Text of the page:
While not exactly groundbreaking, the evidence in this book will motivate parents to make mealtime a priority.

READ REVIEW

THE HOUR THAT MATTERS MOST

THE SURPRISING POWER OF THE FAMILY MEAL

Family supper receives the star treatment.

The Parrotts (Saving Your Marriage Before It Starts, 1995) emphasize the power of the family meal, showcasing how the simple act of eating together strengthens bonds and empowers families. Written in a friendly, conversational tone, the book examines the positive benefits established by family mealtimes, listing correlations such as better school performance, healthier eating habits and happier families. Those wondering how overworked parents can make this 1950s fantasy a reality can relax, as the Parrotts’ research has found that even hassled family meals, such as PBJs, are better than not eating dinner as a family at all. While the book includes occasional factoids and easy sample recipes, the authors dish out more child psychology than helpful dinner tips. Wince-worthy conversation suggestions such as playing “Mad, Sad, Glad” to get families to open up (in which everyone mentions three things that made them mad, sad, and glad that day) are unlikely to appeal to kids raised on Facebook and video games. Still, readers who overlook the predictable parenting advice will glean some inspiration. The book also includes suggestions and anecdotes by Stephanie Allen and Tina Kuna, entrepreneurs who turned their personal assemble-and-freeze family cooking methods into the popular meal assembly franchise, Dream Dinners.

While not exactly groundbreaking, the evidence in this book will motivate parents to make mealtime a priority.

Pub Date: Sept. 1, 2011

ISBN: 978-1-4143-3744-9

Page Count: 225

Publisher: Tyndale House

Review Posted Online: Sept. 21, 2011

Kirkus Reviews Issue: Sept. 15, 2011

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MARTIN LUTHER KING, JR. AND THE MARCH ON WASHINGTON

This early reader is an excellent introduction to the March on Washington in 1963 and the important role in the march played by Martin Luther King Jr. Ruffin gives the book a good, dramatic start: “August 28, 1963. It is a hot summer day in Washington, D.C. More than 250,00 people are pouring into the city.” They have come to protest the treatment of African-Americans here in the US. With stirring original artwork mixed with photographs of the events (and the segregationist policies in the South, such as separate drinking fountains and entrances to public buildings), Ruffin writes of how an end to slavery didn’t mark true equality and that these rights had to be fought for—through marches and sit-ins and words, particularly those of Dr. King, and particularly on that fateful day in Washington. Within a year the Civil Rights Act of 1964 had been passed: “It does not change everything. But it is a beginning.” Lots of visual cues will help new readers through the fairly simple text, but it is the power of the story that will keep them turning the pages. (Easy reader. 6-8)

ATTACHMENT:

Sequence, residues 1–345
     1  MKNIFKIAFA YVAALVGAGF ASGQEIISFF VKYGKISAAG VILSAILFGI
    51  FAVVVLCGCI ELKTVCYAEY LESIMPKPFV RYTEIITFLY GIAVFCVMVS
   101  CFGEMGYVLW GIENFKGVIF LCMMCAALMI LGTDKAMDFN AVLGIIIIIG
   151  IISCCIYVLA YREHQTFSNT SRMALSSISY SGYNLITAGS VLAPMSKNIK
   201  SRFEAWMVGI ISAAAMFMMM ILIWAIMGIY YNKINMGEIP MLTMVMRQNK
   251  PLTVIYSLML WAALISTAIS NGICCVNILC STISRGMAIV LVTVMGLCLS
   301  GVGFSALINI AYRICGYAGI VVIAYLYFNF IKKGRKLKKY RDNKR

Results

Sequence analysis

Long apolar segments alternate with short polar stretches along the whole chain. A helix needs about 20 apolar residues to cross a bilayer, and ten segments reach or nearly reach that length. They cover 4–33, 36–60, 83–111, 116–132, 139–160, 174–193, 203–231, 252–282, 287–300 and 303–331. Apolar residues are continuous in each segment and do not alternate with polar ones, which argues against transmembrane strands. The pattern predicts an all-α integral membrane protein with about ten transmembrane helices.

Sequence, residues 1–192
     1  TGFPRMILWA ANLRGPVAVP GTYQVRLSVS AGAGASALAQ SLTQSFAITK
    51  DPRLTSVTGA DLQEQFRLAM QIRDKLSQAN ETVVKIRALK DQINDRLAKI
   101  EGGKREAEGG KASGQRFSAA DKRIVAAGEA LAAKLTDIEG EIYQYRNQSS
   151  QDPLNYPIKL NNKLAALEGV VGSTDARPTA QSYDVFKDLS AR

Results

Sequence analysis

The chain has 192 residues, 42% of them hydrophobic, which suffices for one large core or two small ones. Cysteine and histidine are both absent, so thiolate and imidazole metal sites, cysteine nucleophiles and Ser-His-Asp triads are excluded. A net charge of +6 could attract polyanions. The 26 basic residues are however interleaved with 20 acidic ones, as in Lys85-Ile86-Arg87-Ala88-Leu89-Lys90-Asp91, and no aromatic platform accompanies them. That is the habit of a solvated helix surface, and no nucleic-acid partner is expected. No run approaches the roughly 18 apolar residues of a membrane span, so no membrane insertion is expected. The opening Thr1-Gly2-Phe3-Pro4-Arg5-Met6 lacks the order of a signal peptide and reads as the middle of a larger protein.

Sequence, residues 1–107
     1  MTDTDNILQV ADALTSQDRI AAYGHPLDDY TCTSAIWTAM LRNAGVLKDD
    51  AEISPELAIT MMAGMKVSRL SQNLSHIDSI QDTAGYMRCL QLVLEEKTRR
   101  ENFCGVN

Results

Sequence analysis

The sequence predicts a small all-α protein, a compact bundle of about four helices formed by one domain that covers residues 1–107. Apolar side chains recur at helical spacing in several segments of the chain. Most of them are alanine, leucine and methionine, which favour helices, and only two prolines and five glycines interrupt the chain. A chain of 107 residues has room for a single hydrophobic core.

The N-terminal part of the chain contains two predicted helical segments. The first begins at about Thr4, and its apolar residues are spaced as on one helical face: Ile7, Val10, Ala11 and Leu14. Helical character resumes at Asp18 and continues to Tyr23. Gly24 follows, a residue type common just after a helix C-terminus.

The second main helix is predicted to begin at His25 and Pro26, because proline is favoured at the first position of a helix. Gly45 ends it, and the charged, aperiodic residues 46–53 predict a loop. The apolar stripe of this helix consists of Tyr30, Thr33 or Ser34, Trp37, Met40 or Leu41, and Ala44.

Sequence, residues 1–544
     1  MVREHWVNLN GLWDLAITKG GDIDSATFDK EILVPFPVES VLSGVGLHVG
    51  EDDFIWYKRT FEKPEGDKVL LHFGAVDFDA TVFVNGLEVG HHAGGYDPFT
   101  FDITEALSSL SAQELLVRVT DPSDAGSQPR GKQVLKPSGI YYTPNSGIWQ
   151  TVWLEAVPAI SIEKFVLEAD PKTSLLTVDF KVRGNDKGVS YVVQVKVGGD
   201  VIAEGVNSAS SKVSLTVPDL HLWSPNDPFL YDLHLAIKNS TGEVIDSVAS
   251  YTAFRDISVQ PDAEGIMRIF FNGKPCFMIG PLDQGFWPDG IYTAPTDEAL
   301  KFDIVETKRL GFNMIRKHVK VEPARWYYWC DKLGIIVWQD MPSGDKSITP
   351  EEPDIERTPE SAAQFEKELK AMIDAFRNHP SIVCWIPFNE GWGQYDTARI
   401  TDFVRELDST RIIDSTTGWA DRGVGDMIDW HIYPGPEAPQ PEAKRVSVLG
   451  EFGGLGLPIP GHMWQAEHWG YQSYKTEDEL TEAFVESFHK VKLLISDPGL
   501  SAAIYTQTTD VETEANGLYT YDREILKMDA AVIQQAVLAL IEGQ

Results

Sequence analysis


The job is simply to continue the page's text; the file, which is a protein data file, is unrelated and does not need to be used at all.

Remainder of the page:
Pub Date: Jan. 1, 2001

ISBN: 0-448-42421-5

Page Count: 48

Publisher: Grosset & Dunlap

Review Posted Online: May 20, 2010

Kirkus Reviews Issue: Dec. 1, 2000

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If the authors are serious, this is a silly, distasteful book. If they are not, it’s a brilliant satire.

THE 48 LAWS OF POWER

The authors have created a sort of anti-Book of Virtues in this encyclopedic compendium of the ways and means of power.

Everyone wants power and everyone is in a constant duplicitous game to gain more power at the expense of others, according to Greene, a screenwriter and former editor at Esquire (Elffers, a book packager, designed the volume, with its attractive marginalia). We live today as courtiers once did in royal courts: we must appear civil while attempting to crush all those around us. This power game can be played well or poorly, and in these 48 laws culled from the history and wisdom of the world’s greatest power players are the rules that must be followed to win. These laws boil down to being as ruthless, selfish, manipulative, and deceitful as possible. Each law, however, gets its own chapter: “Conceal Your Intentions,” “Always Say Less Than Necessary,” “Pose as a Friend, Work as a Spy,” and so on. Each chapter is conveniently broken down into sections on what happened to those who transgressed or observed the particular law, the key elements in this law, and ways to defensively reverse this law when it’s used against you. Quotations in the margins amplify the lesson being taught. While compelling in the way an auto accident might be, the book is simply nonsense. Rules often contradict each other. We are told, for instance, to “be conspicuous at all cost,” then told to “behave like others.” More seriously, Greene never really defines “power,” and he merely asserts, rather than offers evidence for, the Hobbesian world of all against all in which he insists we live. The world may be like this at times, but often it isn’t. To ask why this is so would be a far more useful project.

If the authors are serious, this is a silly, distasteful book. If they are not, it’s a brilliant satire.

Pub Date: Sept. 1, 1998

ISBN: 0-670-88146-5

Page Count: 430

Publisher: Viking

Review Posted Online: May 20, 2010

Kirkus Reviews Issue: July 15, 1998

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